Next we have a mid length par 4 with a slight dogleg to the right. The bunkers on the right side of the fairway are well placed as the right side leaves a shorter approach shot into the green.
Below is a view of the approach shot into the 2nd green. The bunkering on the right side is deep and not the ideal place to miss.
Hole 3 – 206 Yards – Par 3
The first par 3 on the course is no pushover. I always find a shot over water to be a bit of knee knocker and this is no exception. While it takes 200+ yards to reach the green shots that come up a little short may be able to stay dry as there is a bit of fairway fronting the green.
Here is a view of the green from the right side.
Hole 4 – 508 Yards – Par 5
Here we have a par 5 dogleg right that may be reachable in two for longer hitters. Drives down the right side of the fairway will have a shorter look into the green. Avoiding the bunkers on the right is crucial to being able to take a rip at the green in two.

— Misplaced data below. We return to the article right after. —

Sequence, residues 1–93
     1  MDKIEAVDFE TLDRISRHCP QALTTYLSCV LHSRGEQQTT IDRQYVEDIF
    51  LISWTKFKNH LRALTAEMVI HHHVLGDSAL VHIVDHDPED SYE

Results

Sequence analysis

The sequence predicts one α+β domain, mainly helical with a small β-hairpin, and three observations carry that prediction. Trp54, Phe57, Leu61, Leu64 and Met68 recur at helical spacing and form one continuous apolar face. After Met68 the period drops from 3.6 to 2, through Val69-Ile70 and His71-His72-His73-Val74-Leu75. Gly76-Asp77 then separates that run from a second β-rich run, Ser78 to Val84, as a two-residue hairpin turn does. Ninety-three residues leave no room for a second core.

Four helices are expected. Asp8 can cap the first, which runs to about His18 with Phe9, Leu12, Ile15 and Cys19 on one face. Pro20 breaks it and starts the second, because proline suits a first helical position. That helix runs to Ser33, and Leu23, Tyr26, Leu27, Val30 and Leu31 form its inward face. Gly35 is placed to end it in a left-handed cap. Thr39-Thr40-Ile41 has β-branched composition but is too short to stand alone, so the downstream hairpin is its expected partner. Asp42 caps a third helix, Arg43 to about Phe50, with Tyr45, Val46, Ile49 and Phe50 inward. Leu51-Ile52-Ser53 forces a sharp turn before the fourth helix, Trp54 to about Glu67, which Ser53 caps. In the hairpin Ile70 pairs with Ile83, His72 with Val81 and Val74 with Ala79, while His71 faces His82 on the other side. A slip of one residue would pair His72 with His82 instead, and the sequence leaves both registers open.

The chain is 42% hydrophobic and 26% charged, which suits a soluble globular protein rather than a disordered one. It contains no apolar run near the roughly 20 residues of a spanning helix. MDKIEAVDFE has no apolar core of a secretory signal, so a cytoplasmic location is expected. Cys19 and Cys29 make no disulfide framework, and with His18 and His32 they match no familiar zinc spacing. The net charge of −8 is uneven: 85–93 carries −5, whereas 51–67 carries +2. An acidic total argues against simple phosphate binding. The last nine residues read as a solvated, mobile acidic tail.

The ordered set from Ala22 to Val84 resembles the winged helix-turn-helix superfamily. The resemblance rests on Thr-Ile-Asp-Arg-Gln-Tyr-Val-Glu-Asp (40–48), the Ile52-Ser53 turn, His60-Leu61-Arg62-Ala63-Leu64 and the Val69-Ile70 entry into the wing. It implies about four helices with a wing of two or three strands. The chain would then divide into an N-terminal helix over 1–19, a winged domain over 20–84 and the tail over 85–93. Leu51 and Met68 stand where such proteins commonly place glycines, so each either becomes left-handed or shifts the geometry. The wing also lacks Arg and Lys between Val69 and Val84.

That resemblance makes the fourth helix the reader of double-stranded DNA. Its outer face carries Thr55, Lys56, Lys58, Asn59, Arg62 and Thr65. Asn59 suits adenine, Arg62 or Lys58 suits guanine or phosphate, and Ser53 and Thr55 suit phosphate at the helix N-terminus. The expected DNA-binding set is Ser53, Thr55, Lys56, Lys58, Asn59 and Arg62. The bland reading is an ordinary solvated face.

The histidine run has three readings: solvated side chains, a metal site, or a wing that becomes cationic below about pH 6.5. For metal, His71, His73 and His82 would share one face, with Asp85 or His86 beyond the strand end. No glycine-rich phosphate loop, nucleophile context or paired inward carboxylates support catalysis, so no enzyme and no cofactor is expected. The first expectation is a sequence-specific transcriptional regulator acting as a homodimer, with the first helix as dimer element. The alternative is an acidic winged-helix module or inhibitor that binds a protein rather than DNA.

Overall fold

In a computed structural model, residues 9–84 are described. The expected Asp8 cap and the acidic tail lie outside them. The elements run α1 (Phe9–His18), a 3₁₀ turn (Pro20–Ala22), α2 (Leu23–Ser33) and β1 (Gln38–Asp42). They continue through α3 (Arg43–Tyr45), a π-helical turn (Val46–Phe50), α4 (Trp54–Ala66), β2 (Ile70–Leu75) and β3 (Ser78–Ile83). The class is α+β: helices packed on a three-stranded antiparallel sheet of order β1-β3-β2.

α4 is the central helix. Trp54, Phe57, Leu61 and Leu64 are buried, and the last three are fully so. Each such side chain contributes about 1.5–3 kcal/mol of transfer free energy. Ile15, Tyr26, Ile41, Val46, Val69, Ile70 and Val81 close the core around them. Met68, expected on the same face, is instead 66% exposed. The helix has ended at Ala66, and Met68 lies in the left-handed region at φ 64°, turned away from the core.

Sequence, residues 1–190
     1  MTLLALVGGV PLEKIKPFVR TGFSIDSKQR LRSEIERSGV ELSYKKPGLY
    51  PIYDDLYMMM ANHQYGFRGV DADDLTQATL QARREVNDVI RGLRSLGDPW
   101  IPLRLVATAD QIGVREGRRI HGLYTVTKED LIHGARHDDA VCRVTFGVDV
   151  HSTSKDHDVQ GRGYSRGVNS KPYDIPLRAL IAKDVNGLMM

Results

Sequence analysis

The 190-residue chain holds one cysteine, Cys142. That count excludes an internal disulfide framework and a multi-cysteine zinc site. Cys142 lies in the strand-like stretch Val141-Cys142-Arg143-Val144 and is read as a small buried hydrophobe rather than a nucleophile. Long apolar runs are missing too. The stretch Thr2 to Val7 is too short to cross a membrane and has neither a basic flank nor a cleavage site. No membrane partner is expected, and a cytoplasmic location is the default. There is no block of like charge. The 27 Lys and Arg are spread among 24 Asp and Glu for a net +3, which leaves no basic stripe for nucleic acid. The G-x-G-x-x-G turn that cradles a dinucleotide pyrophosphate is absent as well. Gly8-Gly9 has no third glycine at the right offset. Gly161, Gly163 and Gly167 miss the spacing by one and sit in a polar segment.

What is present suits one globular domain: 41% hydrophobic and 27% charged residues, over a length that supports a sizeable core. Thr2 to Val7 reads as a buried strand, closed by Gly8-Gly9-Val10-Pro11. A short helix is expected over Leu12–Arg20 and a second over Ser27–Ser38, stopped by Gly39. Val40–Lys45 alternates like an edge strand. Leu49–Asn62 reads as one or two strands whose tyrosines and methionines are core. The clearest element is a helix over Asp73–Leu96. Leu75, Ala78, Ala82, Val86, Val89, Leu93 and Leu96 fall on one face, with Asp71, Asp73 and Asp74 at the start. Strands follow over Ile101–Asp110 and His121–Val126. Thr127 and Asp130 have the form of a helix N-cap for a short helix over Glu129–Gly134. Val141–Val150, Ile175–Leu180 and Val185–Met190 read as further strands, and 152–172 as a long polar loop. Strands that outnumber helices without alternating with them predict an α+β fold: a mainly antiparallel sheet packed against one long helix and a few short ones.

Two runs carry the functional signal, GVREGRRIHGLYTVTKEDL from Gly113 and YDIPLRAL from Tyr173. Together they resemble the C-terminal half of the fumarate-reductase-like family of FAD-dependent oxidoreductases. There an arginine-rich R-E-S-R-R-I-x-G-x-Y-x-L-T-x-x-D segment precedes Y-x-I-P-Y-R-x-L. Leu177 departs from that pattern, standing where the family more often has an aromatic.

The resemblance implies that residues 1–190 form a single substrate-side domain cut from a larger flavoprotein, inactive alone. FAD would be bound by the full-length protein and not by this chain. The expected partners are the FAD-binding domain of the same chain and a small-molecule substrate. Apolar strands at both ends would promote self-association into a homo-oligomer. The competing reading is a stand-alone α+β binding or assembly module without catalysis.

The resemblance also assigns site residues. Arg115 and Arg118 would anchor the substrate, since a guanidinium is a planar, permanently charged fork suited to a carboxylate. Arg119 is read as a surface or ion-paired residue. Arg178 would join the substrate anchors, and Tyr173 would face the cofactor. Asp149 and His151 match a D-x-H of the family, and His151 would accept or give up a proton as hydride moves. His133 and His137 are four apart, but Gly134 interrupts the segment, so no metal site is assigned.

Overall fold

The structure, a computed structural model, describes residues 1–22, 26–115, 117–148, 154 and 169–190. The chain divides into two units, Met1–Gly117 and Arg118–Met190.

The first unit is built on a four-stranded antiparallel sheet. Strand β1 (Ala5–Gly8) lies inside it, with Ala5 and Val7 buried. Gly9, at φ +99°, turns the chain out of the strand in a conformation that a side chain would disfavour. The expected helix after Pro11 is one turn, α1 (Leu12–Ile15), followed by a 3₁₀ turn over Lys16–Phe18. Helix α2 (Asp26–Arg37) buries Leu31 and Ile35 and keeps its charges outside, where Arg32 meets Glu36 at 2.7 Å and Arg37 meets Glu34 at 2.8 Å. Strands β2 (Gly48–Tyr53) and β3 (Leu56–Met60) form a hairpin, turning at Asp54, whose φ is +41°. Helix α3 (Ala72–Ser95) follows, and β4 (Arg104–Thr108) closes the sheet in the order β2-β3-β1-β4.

Below is a view of the shot into the green after the drive. The safe shot is to lay up down the left side of the fairway for those who are not going for it in two.
I have not played a ton of Fazio courses, but I found this green with its extreme two tiered design to be something different from what I have typically seen from him.
Here is another look at the green from the backside.
Hole 5 – 456 Yards – Par 4
This beast of a par 4 requires a good drive in order to reach the green in regulation. I suspect that most shorter players will attack this as if it were a par 5.
Below is a look at the lengthy approach shot into the green.
And here is a look at the green from the left side of the hole.
Hole 6 – 506 Yards – Par 5
The next three holes are tucked into a cozy little corner of the property and start out with a nice par 5. The photo below was taken from the tee box.
Note the hazard that crosses in front of the green in the photo below. This needs to be considered for players who are laying up and should also be a consideration for players who go for the green in two and are not quite as long as they think they are.
Here is a look at the green from about 100 yards out.
Hole 7 – 317 Yards – Par 4
Here we have a nice little short par 4 where players have the option to take an aggressive line and aim towards the flag or make a safer play out to the right. The more aggressive the line is the more the bunker and ravine area will come into play.
Here is a look at the undulating green.
Hole 8 – 170 Yards – Par 3